Teachers, Principals Need To Exercise Caution When Using E-mail To Communicate With Parents
Georgina, Principal of Northwest High School meant well. She had several face to face conversations with Ms. Smith about a few behavioral problems that, while not major, had to be dealt with. Georgina found that one of the best ways to follow up on conversations was to use e-mail, because of its immediacy and convenience.
So, Georgina sent the following e-mail to Ms. Smith:
If you recall, we've had a few meetings to discuss Aaron's occasionally difficulties in getting along with other children, and I'm very glad to have met you and had those discussion, and thank you for taking time out of your busy schedule to do so.
When you get a chance, I'd like to connect with you to see how your conversations with Aaron have gone about playing with his peers more cooperatively. I'd appreciate it if you'd get in touch, so we can have a short conversation about that.
A few hours after sending the e-mail Georgina received a phone call from a very irate Martha Smith, the gist of it was that she was fed up with being hassled by the school for every little thing, and that she didn't have time to discuss yet another minor infraction. It was clear that Martha was simply furious, and Georgina was completely baffled by the tone and that it appeared that despite writing what she thought was a clear e-mail, the parent seemed not to have read it, or at least got from the message what Georgina intended.
If you look at the e-mail, it's hard to imagine how it could have been any clearer. it wasn't negative. It was thankful for the parent's previous help. So, what in the world happened?
While e-mail is an amazing communication tool, and one that is now almost completely accepted as an appropriate form for communication, it's not quite that simple. In truth, people don't read and respond to e-mail the way you might think, or at least not always.
Lacking the cues from face to face and telephone contacts, recipients tend to more often impose their own previous perceptions onto the e-mail, often completely getting the wrong end of the stick. In this example, Martha believed this was yet one more "attempt by the school" to interfere with her parenting, and one more obligation the school was imposing that she felt was "too much".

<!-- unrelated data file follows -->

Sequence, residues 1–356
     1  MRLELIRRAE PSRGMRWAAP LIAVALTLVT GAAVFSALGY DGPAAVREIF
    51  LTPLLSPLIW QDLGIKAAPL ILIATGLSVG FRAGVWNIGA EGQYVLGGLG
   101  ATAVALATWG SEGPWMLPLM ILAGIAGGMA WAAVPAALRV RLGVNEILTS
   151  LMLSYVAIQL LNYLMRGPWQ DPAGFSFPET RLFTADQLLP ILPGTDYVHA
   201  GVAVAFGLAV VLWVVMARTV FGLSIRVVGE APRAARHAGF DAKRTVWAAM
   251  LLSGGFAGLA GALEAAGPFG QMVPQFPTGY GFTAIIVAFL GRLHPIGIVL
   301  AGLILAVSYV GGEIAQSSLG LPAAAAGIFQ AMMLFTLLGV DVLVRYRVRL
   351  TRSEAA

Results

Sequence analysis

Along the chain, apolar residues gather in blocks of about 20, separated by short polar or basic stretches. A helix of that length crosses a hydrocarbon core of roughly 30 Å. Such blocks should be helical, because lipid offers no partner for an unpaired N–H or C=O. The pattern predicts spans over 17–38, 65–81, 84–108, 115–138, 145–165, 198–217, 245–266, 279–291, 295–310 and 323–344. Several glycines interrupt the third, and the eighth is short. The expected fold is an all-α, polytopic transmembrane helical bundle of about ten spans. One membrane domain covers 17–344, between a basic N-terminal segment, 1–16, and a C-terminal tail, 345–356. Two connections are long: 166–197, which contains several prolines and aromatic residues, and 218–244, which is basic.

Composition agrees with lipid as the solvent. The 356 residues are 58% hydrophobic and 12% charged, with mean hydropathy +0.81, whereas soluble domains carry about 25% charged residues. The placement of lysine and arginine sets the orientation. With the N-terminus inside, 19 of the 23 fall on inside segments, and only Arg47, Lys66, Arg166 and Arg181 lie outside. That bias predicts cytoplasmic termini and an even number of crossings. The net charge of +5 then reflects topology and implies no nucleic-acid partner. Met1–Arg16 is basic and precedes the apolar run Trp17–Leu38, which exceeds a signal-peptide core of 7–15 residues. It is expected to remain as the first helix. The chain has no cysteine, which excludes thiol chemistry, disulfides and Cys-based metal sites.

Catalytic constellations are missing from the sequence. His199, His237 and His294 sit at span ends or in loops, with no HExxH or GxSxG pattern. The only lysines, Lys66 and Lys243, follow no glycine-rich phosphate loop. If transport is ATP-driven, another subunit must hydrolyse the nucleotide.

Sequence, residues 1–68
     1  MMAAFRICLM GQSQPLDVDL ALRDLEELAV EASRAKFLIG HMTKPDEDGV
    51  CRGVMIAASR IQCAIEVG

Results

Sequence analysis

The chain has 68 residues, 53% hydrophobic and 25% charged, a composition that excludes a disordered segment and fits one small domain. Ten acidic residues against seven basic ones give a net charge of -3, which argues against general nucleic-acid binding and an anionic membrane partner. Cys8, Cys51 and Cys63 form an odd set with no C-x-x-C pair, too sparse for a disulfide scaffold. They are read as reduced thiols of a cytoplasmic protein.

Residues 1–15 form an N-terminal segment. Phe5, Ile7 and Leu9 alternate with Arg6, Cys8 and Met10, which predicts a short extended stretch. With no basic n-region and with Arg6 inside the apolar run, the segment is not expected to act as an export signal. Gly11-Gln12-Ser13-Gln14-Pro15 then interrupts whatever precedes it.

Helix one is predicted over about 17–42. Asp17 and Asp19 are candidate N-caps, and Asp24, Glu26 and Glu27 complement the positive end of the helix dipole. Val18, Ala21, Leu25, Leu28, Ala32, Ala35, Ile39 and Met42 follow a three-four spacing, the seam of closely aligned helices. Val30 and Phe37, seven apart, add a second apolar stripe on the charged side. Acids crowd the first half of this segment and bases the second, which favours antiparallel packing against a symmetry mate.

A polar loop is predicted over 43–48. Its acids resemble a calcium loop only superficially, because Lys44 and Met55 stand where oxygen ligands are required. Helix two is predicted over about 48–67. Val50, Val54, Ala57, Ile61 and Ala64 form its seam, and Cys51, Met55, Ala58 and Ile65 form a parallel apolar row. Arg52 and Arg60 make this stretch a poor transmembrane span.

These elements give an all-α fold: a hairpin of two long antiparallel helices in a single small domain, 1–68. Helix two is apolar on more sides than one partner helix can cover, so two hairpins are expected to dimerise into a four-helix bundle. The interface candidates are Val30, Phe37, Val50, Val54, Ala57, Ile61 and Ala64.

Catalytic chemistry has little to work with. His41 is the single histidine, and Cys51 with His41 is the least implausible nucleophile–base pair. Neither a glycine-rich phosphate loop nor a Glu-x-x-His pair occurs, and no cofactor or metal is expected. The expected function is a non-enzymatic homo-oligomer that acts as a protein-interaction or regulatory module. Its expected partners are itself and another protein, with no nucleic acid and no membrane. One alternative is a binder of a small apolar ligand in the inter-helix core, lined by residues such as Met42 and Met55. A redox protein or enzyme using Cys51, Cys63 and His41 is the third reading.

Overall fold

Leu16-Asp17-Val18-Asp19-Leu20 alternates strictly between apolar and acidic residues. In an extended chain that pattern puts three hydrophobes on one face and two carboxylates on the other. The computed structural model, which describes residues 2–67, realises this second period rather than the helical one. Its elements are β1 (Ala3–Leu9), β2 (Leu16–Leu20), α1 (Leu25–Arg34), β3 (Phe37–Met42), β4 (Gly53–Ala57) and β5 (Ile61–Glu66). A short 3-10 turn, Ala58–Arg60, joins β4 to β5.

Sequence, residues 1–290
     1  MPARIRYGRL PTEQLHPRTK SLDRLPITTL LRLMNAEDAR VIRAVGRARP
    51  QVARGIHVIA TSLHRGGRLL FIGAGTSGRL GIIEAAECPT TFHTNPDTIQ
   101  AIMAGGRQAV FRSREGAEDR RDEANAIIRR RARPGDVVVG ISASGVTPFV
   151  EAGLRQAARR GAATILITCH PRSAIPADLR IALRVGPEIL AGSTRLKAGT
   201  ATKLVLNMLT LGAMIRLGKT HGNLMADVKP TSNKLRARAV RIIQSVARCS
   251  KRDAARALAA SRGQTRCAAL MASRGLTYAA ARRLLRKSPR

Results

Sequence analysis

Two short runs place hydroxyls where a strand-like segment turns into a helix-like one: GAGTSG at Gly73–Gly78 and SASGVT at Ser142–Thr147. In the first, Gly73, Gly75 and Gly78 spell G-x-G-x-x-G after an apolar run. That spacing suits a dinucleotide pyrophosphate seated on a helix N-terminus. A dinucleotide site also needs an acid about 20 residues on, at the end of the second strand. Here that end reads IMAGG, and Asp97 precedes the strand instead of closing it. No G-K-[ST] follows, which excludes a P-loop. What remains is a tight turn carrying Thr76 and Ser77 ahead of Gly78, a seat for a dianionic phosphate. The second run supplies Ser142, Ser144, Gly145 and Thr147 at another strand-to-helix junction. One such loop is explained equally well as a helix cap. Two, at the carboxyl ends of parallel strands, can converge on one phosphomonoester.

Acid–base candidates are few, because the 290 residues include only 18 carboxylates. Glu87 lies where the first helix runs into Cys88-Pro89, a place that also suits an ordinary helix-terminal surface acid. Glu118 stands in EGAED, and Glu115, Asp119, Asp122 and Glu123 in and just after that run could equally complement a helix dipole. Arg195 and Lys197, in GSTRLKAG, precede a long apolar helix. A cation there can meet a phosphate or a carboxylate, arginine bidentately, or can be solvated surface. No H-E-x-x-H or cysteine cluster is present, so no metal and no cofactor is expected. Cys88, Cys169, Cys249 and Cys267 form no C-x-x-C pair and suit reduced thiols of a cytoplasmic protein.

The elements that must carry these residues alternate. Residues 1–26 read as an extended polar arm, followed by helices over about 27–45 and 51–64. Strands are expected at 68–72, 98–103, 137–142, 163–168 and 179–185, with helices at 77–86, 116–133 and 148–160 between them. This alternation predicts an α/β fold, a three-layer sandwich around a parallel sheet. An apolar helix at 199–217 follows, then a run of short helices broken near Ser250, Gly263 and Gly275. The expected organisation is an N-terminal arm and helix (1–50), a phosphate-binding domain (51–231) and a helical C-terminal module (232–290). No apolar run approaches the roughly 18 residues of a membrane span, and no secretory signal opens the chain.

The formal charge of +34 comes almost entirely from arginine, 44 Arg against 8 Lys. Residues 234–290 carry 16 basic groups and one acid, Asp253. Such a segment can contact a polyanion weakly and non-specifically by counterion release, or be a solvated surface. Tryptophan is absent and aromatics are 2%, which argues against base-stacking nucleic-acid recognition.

But none of that was in the e-mail Her reactions were in effect, because of her interpretation of yet another demand from the school.
And it's all because e-mail just isn't capable of providing enough "emotional" information to convey the true meaning of many contacts.
Caution Is Needed So Keep In Mind These Points About E-mail:
If there is anything that needs to be communicated that may cause emotional responses in the parent, it's better to phone, or do a face-2-face. Yes, it's less convenient for everyone, and yes, it takes more time, but it allows real time interaction to clarify meanings that isn't available with e-mail
- E-mail is a lot less reliable than you might think. Sending an e-mail doesn't mean the person got it, or read it. Spam filters, volume of mail, and a raft of other factors can cause your e-mail not be be received, or if received, actually read.
- People SCAN e-mails rather than read them. There's a difference in how people read things on a screen compared to on paper, and it's the rule, rather than the exception that much is missed when messages are scanned, rather than read carefully. This contributes to parents "going off" half-cocked, and in this case, Martha didn't read the e-mail for meaning. She say some key words -- difficulties, discussion, meetings, and drew conclusions based on her own negative expectations.
- E-mails don't always go to the parent and only that parent. Kids are pretty good at accessing anything on a computer or tablet, even if they aren't "supposed to" and parents are probably lax at ensuring their e-mail boxes are absolutely inaccessible by their kids. Remember that whatever you send in an e-mail should be considered "public", and could be read by the kids, or even released to others intentionally by the parent.
Conclusion On E-mailing Parents
It's convenient. Fast. We even take e-mail for granted, since almost everyone uses it, but it IS an ineffective way for communicating certain things, particularly where emotions are involved, and you have less control to ensure that what you MEANT for the parent to get from the message is actually what the parent GETS. Meaning is funny that way, and e-mail doesn't allow the immediacy to correct "misunderstandings" before they create anger.
There's more on the topic of communicating with parents via technology based methods in Chapter 16 of Building Bridges Between Home And School: The Educator's/Teacher's Guide To Dealing With Emotional And Upset Parents